When you do more than one dive in a day, you have to spend a certain amount of time on the surface between dives, and this is called the surface interval. Standard practice is to have a 60-minute surface interval, and luckily we were diving someplace with decent snorkeling because I was about to either pass out or start vomiting, I got so hot. So I jumped in the water and snorkeled for the remaining 45 minutes of the surface interval.

I also learned early on that when it’s hot outside and you have to wear a wetsuit, the best thing to do is to put your wetsuit on and immediately jump in the water. Pull it away from your body so that water gets inside, and you’ll be so much cooler while you’re getting your BCD and everything else ready.

Air tanks and Fahal Island. We spent a lot of our summer here.

We went camping at a beautiful white sand beach near Fins towards the end of August. We arrived around 3:45 pm, and it was surprisingly pleasant out. Athena came along with us, and she immediately found a shaded spot under a rocky outcropping in the sand. She loves swimming and playing fetch, and she tired herself out running around in the water and swimming through the waves. The next morning, the minute the sun crested over the horizon it got boiling hot out. We were rushing to pack up camp by 7 am, and I think we finally left around 8:30 after we took a break to go swimming and cool off.

Athena living her best life

Campfire and the moon, with the lights of Fins in the background

Athena protecting the beach tent

In August we went on a snorkeling trip to the Daymaniat Islands and on the way there we saw whale sharks! Swimming with whale sharks is on my Oman bucket list, and finally getting the opportunity to snorkel with them was one of the most amazing things I’ve ever done. There’s nothing like jumping off a boat into the water when a 20-foot long shark is swimming straight at you with its mouth open. That was really something else.

A whale shark!

You’ll almost always see turtles at the Daymaniats

An enormous Arabian Angelfish

Another big thing that happened this summer was that a lot of our friends departed Muscat. In the Foreign Service, lots of jobs end in the summer, so you get lots of folks departing from June to August. It sucks and it can be really hard. Luckily, the world is a surprisingly small place and I know that we’ll see them again! It’s easy to get bogged down in how much it stinks when friends leave, but it’s also fun to meet new people and welcome folks into the community.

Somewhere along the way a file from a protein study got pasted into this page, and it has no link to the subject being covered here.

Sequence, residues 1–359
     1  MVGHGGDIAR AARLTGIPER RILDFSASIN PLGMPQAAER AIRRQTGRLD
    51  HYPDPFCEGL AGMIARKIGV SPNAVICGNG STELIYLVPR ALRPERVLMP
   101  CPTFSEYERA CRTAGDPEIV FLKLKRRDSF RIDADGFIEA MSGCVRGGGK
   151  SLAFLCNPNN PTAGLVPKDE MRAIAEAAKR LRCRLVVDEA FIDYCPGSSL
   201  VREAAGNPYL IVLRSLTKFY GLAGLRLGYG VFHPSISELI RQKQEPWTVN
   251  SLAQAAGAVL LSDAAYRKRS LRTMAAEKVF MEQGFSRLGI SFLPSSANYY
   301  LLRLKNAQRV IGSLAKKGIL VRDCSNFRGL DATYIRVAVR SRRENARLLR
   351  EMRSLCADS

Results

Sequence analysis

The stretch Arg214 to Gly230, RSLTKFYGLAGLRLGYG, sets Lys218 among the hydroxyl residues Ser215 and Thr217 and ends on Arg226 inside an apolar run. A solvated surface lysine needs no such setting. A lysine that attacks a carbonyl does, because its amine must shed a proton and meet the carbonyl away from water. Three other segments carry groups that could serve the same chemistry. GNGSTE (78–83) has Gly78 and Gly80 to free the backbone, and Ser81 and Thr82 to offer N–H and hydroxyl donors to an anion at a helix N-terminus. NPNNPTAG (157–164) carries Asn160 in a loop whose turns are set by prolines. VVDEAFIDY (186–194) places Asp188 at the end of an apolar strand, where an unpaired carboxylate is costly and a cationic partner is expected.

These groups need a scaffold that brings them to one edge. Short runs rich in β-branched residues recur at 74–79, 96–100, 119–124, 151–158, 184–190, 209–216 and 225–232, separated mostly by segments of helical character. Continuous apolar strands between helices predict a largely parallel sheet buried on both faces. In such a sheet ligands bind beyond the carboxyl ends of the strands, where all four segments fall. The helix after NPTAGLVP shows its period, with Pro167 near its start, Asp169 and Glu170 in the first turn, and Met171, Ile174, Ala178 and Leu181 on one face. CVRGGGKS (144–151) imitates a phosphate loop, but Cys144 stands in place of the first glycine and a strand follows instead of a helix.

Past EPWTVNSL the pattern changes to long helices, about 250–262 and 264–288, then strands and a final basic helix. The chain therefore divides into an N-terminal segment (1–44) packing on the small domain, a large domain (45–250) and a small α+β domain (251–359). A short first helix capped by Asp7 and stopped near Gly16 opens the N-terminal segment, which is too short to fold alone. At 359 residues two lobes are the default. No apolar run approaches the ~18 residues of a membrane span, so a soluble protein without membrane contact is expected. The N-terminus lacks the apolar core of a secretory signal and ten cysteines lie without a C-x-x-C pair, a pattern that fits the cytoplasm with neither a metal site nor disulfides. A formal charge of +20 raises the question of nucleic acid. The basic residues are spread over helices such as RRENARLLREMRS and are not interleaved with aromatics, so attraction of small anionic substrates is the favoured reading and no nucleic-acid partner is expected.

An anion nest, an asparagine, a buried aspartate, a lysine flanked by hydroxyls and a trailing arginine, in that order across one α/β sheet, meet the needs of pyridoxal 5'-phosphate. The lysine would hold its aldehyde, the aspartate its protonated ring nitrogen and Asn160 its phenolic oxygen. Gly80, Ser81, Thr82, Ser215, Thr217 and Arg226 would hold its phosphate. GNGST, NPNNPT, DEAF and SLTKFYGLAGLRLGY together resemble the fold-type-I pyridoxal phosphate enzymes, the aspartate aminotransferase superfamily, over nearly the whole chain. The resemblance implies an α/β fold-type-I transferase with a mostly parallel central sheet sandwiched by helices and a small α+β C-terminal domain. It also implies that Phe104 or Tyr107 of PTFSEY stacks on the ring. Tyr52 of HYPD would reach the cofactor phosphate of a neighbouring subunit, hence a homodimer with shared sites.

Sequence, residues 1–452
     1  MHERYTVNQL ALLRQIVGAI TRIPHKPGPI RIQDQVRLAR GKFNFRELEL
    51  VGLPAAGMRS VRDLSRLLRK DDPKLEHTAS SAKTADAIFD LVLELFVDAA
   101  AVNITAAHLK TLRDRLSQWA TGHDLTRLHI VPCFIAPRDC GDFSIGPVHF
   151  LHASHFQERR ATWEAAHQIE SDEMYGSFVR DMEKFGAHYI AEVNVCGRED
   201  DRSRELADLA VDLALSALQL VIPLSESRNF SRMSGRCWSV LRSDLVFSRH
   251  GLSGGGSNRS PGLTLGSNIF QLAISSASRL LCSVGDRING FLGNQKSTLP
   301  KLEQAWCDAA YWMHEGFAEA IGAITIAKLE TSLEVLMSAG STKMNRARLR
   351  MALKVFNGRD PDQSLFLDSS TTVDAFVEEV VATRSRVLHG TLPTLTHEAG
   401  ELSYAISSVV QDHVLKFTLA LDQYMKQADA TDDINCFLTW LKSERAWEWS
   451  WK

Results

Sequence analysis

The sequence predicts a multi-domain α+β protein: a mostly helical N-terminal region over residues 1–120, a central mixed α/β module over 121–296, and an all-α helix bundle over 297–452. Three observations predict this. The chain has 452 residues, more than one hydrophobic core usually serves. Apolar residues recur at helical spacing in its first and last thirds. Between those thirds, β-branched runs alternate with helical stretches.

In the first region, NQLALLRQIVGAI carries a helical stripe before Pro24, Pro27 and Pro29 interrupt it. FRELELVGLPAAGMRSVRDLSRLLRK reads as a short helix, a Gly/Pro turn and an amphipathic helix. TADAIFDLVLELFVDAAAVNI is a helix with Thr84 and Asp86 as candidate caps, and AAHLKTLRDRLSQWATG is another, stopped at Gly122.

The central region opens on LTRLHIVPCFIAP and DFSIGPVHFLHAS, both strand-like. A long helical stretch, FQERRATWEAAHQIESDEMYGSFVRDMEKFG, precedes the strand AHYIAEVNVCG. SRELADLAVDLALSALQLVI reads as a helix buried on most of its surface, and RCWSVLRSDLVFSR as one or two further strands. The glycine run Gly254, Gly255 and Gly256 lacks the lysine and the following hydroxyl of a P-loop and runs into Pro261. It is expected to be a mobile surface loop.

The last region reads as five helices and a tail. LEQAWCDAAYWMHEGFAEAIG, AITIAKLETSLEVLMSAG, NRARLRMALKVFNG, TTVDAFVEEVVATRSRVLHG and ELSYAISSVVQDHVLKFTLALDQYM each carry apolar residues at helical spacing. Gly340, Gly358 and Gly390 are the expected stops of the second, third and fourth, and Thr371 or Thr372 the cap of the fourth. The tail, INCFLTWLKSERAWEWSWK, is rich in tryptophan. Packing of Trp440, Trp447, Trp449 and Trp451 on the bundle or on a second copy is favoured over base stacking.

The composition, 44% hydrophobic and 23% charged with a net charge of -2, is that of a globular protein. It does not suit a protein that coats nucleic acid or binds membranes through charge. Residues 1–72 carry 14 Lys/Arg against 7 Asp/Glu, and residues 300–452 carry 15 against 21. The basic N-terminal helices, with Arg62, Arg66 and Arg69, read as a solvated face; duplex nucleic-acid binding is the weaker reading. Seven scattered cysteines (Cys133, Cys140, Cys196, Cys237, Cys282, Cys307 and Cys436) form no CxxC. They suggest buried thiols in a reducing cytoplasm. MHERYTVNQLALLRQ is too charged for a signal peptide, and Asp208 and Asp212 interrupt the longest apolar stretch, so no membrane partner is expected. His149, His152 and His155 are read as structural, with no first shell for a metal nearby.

We did an overnight trip to Ras Al Jinz, and we took several trips up into the mountains. Then we capped the whole thing off with our trip to Salalah. All in all, it was an awesome summer, and I’m glad we stuck around. I’m glad we still have one more summer left before we have to leave next August. There are lots more fun times to be had, even though it will be hot out!

Exploring the abandoned villages of Jebel Akhdar

Oman’s Grand Canyon, Jebel Shams, on a particularly overcast day

Camping in Dhofar (and Oman beach camping notes)

Our campsite at a random beach in Northern Dhofar before we cleaned up all the trash

For our second night of camping on our Salalah road trip, I had pre-selected a spot that another blog said was nice, but we would have arrived later than we would have liked to have time to set up camp and make dinner. Instead we drove to a beach that looked promising and not too windy, let the air out of the tires to 15 PSI, and kept driving until we found a good spot.

Once again, Nate got started on the fire while I set up the tents and M buried his plastic dinosaurs in the sand. One of those dinos is still buried, and luckily M is too young to care or realize that it’s gone forever.

The tide when out and a patch of pink shells appeared

The temperature on the beach was perfect, and I actually had to wear long sleeves and sleep inside my sleeping bag. There’s nothing like eating a yummy campfire meal and watching the sunset over the ocean, and then falling asleep with a gentle breeze to the sound of waves on the shore.

It was cold enough that I actually had to sleep inside my sleeping bag!

We’re not beach camping experts by any stretch of the imagination, but we have some wisdom to pass on to others planning to go beach camping in Oman. Here are some of our tips:

  • Bring a table. We also bring plastic bins, one for cooking gear, one for other stuff, and they also function as tables. There are no picnic tables here.
  • Buy firewood ahead of time. You can buy it reliably at the Sultan Center in Muscat (one bundle costs 2.500 OMR), and apparently at the OmanOil on the freeway by Quriyat. Do not plan on being able to find firewood or kindling at your campsite.

Beach sunset and the campfire

  • Bring an axe or hatchet to split your firewood. In the absence of an axe/hatchet, bring some fire starter.
  • Bring garbage bags. We always try to leave the campsite cleaner than when we arrived, and unfortunately in Oman you’ll find a lot of plastic garbage on almost every beach.
  • Bring a tarp or mat to put on the ground. You’ll want someplace where you can set things and they won’t get covered in sand. You can buy one of those large plastic mats at Lulu for less than 2 OMR.